December 2009

Author Rating: C+

Deadfall (read 12/20/09) Meh

Reading this book was like examining an ancient record of a lost time — the early to mid 1980s. As I got ready to write this review, I did a search for any earlier post mentioning the author and discovered he was already on my banished list as a result of his short story in a very bad anthology of very bad mystery writers. This particular book wasn’t so awful that I stopped reading before the end, but it being relatively short was a significant factor in the decision to continue.

Apparently Pronzini wrote a series of “Nameless Detective” mysteries, this being number sixteen. Nameless is on a stakeout, waiting for some deadbeats to get home so he can repossess their car, when he hears two gunshots coming from a nearby home. He sees a figure running away and, upon entering the house, discovers the victim who he later learns is a gay man named Leonard whose wealthy brother had died falling from a cliff months earlier. Leonard’s “house mate,” who believes the two deaths are related, hires him to find the killer.

Pronzini treats homosexuals as if they are another species. He has no understanding of human sexuality. “Confirmed homosexuals couldn’t be seduced by a woman, of course.”

He is equally clueless about women, ascribing to Nameless’ girlfriend the kind of stupid responses to things that one expects from a man who sees women as a separate species as well.

What also becomes clear in reading this is how much Pronzini disapproves of pot smoking and is one of those misinformed people who insist that it is a “gateway” to heroin.

I’m giving Pronzini a C+ because, if you can ignore the cluelessness and can tolerate caricatures instead of characters, the story itself is plausible.


Author Rating: D

Celtika (read 12/15/09) forget about it

This is the first of Holdstock’s Merlin Codex series. The story covers the period before Arthur. Seven hundred years after Jason‘s death, Merlin discovers that Medea had not murdered Jason’s sons but had moved them forward in time. But Jason is not dead, he is still aboard his ship the Argonaut in the bottom of a frozen lake. Merlin rescues him and they set out to find Jason’s sons. It is through this adventure that Merlin first meets Urtha, an ancestor of Arthur, setting the stage for Holdstock’s version of the Arthurian Legend.

I was a bit impatient with the first third of the book but I think that is more my fault than the author’s. I have always found Merlin to be the more interesting character, and Holdstock does a pretty good job of bringing him to life.

The Iron Grail (read 1/18/10) forget about it

Merlin is in Alba (England) and finds Urtha’s stronghold, Taurovinda, has been taken over by ghosts of the dead and not-yet-born while Urtha and Merlin were off avenging the murder of Urtha’s family and to help Jason find his oldest son. Everyone eventually gets back to Taurovinda, the ghosts are cleared out and an expedition is mounted into Ghostland to find Jason’s second son.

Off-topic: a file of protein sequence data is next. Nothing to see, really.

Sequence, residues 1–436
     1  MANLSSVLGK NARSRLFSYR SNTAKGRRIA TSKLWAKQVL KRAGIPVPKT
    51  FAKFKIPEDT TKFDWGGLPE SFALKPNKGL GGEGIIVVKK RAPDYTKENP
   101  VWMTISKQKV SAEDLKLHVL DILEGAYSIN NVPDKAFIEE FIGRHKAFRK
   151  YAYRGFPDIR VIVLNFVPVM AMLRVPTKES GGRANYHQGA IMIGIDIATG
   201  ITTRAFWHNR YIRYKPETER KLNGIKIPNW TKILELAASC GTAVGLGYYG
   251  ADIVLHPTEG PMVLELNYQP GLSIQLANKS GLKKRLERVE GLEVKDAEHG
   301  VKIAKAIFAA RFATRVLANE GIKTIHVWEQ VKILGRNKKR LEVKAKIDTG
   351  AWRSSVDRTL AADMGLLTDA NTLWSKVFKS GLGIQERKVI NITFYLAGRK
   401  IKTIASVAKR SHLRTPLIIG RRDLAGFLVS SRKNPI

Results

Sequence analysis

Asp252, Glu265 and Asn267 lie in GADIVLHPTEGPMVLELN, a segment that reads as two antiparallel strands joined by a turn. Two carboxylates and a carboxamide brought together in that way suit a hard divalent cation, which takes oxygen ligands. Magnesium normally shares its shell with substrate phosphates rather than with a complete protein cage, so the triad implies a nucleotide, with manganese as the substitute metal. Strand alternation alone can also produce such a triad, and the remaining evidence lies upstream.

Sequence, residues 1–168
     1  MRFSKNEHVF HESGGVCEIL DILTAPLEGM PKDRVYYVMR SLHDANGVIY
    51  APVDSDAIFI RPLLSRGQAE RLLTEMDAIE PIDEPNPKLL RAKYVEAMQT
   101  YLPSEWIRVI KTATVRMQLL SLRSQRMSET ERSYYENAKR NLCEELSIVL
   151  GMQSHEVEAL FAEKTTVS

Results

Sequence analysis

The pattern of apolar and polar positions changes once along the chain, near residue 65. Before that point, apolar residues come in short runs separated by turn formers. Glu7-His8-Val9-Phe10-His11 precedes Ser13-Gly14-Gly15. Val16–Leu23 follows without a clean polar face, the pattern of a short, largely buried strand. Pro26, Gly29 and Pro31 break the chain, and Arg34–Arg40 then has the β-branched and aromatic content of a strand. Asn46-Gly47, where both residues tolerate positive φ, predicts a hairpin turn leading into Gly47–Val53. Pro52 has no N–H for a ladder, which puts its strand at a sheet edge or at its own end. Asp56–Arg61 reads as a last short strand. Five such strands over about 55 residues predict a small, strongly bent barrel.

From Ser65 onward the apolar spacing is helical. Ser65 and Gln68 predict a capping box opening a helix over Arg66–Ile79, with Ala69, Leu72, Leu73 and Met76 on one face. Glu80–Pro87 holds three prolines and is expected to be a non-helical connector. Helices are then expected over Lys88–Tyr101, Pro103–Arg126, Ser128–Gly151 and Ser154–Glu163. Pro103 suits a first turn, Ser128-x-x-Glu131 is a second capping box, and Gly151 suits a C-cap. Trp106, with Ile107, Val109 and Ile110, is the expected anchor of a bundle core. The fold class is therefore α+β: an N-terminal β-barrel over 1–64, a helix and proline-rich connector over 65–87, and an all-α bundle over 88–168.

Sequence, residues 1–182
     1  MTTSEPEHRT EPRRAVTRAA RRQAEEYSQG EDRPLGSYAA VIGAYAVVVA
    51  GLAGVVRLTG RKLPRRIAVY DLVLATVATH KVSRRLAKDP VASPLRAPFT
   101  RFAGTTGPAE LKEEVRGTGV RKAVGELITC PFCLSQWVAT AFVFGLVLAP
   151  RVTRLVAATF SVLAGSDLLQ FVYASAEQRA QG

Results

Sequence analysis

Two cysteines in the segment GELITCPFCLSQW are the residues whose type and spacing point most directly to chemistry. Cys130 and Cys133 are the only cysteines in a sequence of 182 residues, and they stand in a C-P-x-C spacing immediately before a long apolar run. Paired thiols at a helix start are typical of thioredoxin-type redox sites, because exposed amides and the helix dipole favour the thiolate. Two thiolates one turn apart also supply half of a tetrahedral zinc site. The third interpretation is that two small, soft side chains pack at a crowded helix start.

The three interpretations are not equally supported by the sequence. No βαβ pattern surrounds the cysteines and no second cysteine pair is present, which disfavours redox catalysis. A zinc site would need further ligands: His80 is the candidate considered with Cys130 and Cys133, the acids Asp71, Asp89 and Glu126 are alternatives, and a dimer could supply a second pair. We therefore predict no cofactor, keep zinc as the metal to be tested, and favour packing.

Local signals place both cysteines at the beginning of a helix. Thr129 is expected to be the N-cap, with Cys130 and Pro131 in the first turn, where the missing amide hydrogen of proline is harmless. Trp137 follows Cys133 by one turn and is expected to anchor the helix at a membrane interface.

The editing could have been much better. There are swaths that are confusing and/or contradictory, and too much that is repetitive. It would have been better had the first two books been combined and the filler left out.

The Broken Kings (read 2/9/10) forget about it

Reality finally came home to roost by page 65 of this, the third book in Holdstock’s “Merlin Coded.” Reading these novels is a complete waste of your time. Endless bullshit that signifies nothing, full of seemingly endless contradiction so that I could take no more and have thrown it over as a bad job.

Holdstock’s Merlin is unengaging, the action so slow and plodding that I couldn’t manage more than three or four pages before passing out.

If you like Arthur/Merlin stories, I highly recommend Peter David‘s very humorous series. Now there’s a “living mythmaker.” Holdstock? Meh.

Author Rating: D

Do not confuse this execrable writer with the recommended writer Christopher Moore.

The Risk of Infidelity Index (read 12/8/09) AVOID

I guess the publisher was desperate to find someone willing to say something good about this book to print on the jacket so they looked to another author, T. Jefferson Parker, who damages whatever reputation he might have by declaring that this awful piece of trash is “taut, spooky, intelligent and beautifully written.”

This is a horrible, badly written book that no one should waste their time with. I actually only managed to suffer through to about page 80 when I decided that I had really done nothing so bad in my life that I deserved to suffer through to the end.

I got the book from the library thinking it was by Christopher Moore, a writer who is actually good. It is unfortunate that they have the same name, only distinguished by the hack’s use of the middle initial G (to my mind, “Godawful”). This book could not have been more of a disappointment.

Author Rating: A

Murder At A Police Station (read 12/2/09) recommended

What a wonderful British murder mystery from 1943!

The protagonist is a wanna-be poet/police sergeant named Pork in the little village of Severing who, suffering from toothache and anxious about coming down with the mumps, receives a mysterious phone call from someone who seems to be in trouble. When Sergeant Pork arrives at the house to which he was directed, he finds that he has been the victim of some kind of prank, but when he returns to the police station, there is a man, shot through the heart, laying dead on the floor in the charge room. Pork had locked the doors when he went out and they were still locked when he got back. Who is this man and how did he get here?

Absolutely delightful.